Shawn Hargreaves Blog
I think the core architecture of the Game State Management sample is really solid, but the specific screen implementations included with it are a little more placeholderey. We figured most people would reskin or replace the individual screens, so we concentrated on the design of the core system (GameScreen, ScreenManager, etc) and didn't spend so much time polishing things like MessageBoxScreen and NetworkBusyScreen.
What goes around comes around, right? I didn't have time to do much reskinning while making my AppWeek game. Dang it! Hoist by my own petard...
I found myself irritated by the way many of these screens lazily load small assets in their LoadContent methods. For instance, MessageBoxScreen loads a gradient texture, and LobbyScreen loads icons for displaying the player status. They use a shared ContentManager, which they look up from ScreenManager.Game.Content, and rely on ContentManager to cache the data for them. This means the file will only actually be pulled in from disk the first time someone asks for it, rather than every time a MessageBoxScreen is displayed, but the lazy loading also means there will be a small glitch the first time a MessageBoxScreen comes up.
Even a small loading glitch is enough to make the transition animation look jerky and unprofessional. Creating a game that feels slick and polished is kind of like being an Olympic gymnast, as it's not enough just to do something cool: for that elusive 10 score, you have to make it look effortless, too. Dropping frames while you load content doesn't exactly make the right impression!
To fix this, I declared a list of the offending assets:
static string preloadAssets =
I added this code to the LoadContent method of my main Game class:
foreach (string asset in preloadAssets)
This discards the return value from the Content.Load call, because it is only loading the assets in order to prime the shared ContentManager. When a MessageBoxScreen later asks for that same gradient texture, the ContentManager will already have it loaded, so will not need to hit the disk. No more glitches, and no need to bother changing the individual screen implementations.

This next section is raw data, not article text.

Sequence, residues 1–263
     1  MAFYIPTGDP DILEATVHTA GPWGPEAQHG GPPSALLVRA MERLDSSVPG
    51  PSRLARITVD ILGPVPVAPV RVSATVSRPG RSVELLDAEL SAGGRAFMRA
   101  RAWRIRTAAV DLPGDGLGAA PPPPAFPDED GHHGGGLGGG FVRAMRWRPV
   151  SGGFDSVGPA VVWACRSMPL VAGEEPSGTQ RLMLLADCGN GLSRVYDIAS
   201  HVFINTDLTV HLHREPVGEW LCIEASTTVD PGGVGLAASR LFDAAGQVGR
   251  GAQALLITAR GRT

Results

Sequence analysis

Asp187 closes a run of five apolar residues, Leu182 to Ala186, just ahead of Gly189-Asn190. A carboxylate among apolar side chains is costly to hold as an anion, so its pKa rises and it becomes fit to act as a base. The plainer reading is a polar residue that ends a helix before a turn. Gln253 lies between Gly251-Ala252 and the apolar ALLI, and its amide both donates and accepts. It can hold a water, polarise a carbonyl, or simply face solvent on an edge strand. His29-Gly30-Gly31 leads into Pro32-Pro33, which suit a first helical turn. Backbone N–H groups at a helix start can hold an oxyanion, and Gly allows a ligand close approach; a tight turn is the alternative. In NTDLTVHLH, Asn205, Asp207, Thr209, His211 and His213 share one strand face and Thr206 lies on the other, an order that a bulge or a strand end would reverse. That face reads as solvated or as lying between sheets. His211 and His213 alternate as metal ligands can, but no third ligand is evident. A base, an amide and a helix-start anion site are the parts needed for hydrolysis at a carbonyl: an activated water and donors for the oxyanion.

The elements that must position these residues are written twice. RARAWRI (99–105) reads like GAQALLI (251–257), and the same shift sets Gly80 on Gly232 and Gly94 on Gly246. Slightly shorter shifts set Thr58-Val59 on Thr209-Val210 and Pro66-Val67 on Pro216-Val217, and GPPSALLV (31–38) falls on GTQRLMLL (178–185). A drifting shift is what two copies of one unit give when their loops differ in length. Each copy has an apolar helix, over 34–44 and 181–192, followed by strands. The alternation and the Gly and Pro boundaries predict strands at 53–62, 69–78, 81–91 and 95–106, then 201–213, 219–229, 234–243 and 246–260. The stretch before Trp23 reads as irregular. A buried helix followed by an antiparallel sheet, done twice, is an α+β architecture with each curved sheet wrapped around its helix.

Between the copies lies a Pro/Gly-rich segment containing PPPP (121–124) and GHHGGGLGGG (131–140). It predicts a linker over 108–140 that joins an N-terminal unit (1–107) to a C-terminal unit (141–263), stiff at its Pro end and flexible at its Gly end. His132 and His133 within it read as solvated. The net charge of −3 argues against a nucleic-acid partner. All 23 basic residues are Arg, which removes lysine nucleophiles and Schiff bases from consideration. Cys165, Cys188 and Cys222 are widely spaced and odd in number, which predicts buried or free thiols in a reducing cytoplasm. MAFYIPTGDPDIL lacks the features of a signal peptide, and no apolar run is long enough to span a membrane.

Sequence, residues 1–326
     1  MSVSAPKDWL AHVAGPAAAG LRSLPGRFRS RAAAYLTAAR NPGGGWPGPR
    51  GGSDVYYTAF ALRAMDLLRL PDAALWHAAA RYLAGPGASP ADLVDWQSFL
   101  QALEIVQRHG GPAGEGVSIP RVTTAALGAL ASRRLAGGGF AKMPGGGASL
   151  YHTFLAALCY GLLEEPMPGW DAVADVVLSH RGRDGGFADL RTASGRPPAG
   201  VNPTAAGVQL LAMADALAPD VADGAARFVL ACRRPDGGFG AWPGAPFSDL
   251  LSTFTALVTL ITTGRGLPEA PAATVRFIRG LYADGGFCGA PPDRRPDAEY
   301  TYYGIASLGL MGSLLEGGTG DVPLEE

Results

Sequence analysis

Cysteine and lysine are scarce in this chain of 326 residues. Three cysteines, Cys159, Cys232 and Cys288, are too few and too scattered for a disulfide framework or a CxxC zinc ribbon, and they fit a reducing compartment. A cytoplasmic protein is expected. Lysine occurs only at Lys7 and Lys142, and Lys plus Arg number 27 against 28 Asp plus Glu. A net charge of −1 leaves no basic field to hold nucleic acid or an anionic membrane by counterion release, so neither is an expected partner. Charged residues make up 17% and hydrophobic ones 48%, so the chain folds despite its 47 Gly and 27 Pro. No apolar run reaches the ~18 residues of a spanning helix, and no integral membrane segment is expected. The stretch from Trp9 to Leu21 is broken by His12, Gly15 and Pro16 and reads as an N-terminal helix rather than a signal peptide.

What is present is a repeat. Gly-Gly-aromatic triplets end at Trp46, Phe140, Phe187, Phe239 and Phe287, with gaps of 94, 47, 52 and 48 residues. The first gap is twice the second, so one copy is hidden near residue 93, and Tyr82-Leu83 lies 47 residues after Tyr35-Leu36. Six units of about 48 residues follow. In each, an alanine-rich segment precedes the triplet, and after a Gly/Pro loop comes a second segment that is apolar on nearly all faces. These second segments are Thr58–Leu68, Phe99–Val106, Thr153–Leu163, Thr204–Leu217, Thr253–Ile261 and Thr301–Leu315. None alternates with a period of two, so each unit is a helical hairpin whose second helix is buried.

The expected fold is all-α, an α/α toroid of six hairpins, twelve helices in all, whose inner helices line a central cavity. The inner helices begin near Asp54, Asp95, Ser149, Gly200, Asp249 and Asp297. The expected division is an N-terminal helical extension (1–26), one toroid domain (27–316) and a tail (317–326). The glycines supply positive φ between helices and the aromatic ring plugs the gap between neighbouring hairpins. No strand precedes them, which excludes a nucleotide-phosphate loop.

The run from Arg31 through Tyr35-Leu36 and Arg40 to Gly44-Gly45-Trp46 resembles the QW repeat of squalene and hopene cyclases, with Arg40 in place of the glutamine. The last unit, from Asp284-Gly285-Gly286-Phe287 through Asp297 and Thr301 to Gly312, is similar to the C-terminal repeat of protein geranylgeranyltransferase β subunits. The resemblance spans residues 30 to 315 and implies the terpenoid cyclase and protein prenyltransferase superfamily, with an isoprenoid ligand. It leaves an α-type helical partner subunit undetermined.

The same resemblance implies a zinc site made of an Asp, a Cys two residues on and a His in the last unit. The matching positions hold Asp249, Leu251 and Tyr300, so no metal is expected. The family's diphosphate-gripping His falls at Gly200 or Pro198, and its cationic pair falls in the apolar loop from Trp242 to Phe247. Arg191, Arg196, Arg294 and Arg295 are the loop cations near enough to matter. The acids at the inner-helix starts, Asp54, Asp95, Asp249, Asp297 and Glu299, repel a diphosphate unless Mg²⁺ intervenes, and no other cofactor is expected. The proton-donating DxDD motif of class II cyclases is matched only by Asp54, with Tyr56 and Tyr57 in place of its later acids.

Note: screens which use the shared ScreenManager.Game.Content are different to how screens with larger pieces of content (notably BackgroundScreen and GameplayScreen) work. Those have their own local ContentManager, which they initialize and unload in their LoadContent and UnloadContent methods, so their content does not stay loaded after the screen goes away. Although they take a while to load, these screens do not cause ugly glitches because the delay is hidden behind a LoadingScreen overlay, which is used whenever such a 'big' screen is activated.
“core architecture of the Game State Management sample is really solid” I would have to agree but the Screen need a lot of work to get a “real” game up and running. Some more work on UI in the future would be nice.
I have done some work trying to make a better lobby. (http://www.ziggyware.com/readarticle.php?article_id=245) and Jeremy Janiszewski did a nice XML interface piece. (http://www.ziggyware.com/readarticle.php?article_id=215) but I think these kinds of issues could benefit from an XNA team sample.
After all the UI is the first piece the gamer sees and a bad UI can be very frustrating for gamers.